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While Israeli society has taken great strides toward gender equality over the past few decades, a significant gender gap persists. The Shalom Hartman Institute seeks to empower young Israeli women to become confident leaders now and in the future through educational programs aimed at developing women who are confident with their self-image and with their intellect and who have been trained to be at the forefront of changing the Israeli discourse.
Established in Jerusalem in 2007, the Midrashiya has successfully implemented an authentic and coherent educational vision that fuses respect for Jewish tradition and learning with an obligation to halakha and feminist ideology. The school provides a holistic environment in which Orthodox teenage girls can advance intellectually, spiritually, and physically.
In an unprecedented move by the Israeli Ministry of Education, the Midrashiya was given a five-year mandate to independently develop its Orthodox feminist curriculum for use as the model for Orthodox girls' high schools nationwide.
The curriculum dictates five educational areas of excellence in which the young women are trained to become leaders: Beit Midrash studies, state-of-the-art science, a unique physical education program, women's evolving role in religious ritual, and a commitment to social action.
In 2013, the Midrashiya ranked second out of all Jerusalem high schools for student scores in math, science, Hebrew, and English.
Innovative, Experimental Education
The school instills its students with a strong self-image by providing a holistic environment in which Orthodox teenage girls can advance spiritually, physically, and intellectually. The school's Body-Soul-Consciousness Program has recently been approved and recommended by the Israeli Ministry of Education for use as an Orthodox feminist curriculum for the state religious school system.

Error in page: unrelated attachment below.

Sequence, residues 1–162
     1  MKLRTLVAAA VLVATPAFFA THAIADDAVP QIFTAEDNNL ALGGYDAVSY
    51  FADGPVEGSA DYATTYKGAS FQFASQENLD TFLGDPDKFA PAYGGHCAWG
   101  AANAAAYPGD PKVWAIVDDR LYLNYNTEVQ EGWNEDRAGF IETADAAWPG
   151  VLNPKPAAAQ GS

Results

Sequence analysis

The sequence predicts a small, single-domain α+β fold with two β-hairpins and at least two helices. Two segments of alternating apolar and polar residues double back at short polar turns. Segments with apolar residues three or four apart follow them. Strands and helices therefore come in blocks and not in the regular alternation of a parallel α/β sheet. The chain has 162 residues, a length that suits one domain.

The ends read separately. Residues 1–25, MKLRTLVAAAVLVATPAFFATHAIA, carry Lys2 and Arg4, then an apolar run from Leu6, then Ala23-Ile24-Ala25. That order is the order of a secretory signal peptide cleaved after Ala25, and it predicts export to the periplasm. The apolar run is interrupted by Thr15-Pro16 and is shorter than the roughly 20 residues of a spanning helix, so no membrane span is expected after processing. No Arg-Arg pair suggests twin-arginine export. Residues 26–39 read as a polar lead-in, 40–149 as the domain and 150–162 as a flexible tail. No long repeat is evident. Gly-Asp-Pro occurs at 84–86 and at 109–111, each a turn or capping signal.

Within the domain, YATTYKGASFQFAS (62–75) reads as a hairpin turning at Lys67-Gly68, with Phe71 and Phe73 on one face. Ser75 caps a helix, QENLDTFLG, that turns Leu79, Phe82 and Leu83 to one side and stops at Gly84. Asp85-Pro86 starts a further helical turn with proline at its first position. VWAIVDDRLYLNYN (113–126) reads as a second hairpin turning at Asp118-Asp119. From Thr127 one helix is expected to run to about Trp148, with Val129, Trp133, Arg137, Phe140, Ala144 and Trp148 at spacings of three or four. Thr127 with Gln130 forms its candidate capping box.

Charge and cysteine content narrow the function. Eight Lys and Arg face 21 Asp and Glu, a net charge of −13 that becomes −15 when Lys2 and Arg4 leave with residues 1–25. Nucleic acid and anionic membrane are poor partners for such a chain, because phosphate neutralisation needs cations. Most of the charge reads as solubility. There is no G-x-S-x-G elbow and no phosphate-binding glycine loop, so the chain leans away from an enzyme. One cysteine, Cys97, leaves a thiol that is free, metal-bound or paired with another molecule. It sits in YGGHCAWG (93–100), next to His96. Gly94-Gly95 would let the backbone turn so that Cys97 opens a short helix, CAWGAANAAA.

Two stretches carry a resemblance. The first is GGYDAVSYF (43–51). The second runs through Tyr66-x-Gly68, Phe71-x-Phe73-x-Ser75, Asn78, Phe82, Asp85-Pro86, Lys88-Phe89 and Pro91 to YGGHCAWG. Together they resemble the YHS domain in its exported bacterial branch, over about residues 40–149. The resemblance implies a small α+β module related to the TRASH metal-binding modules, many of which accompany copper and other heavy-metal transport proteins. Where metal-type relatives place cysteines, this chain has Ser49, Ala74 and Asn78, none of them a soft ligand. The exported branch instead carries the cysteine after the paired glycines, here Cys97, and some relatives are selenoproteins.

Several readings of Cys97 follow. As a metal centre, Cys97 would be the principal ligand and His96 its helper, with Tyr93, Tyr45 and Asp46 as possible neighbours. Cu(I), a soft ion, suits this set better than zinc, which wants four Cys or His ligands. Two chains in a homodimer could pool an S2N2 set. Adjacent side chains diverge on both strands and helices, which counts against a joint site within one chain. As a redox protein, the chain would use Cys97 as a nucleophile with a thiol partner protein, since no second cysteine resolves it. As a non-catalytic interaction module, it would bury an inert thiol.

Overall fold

The Golden Body-Soul-Consciousness Triangle
The Body-Soul-Consciousness Program equips young women to deal with the emotional, psychological, and physical development that they experience in their teen years.
The school offers a range of mandatory movement classes ranging from yoga to hip hop that educate girls not only in the technical aspects of the discipline but also to appreciate their bodies, increase self-esteem, and engage in team work. At the end of every semester, the girls perform as a group. Weekly theoretical workshops focus on themes related to physical development, nutrition and body image, and gender and feminism.
While the Midrashiya is not the first religious feminist school in Israel, it is the first to make participation in daily prayer and reading from the Torah a normative part of girls' education, instilling in them the idea that they are integral members of a religious community whose voices can be heard. This unique approach facilitates the development of values-driven, confident, and socially committed women equipped to serve as leaders in the Jewish community and wider multicultural society.
All Jewish studies classes are taught in the intimate, informal atmosphere of a Beit Midrash, in which a small group of students study together with a mentor. The Beit Midrash format is particularly suited to empowering young women to find their own voices. Students are guided in analyzing subject matter, formulating their own interpretations, and expressing their ideas in a peer setting. These methodologies are also applied to general studies education.
Commitment to Social Action
The Midrashiya instills students with a profound sense of responsibility for the Jewish people and the State of Israel. Through yearlong projects appropriate to each grade - from the distribution of food baskets to initiating social activities with underprivileged youth to computer instruction for the elderly – Midrashiya students learn about the challenges facing various segments of Israeli society and develop the initiative and leadership skills to take an active role in response. The Social Action program guides students in developing and implementing innovative, entrepreneurial initiatives that contribute to others.
Merav Badichi, Principal
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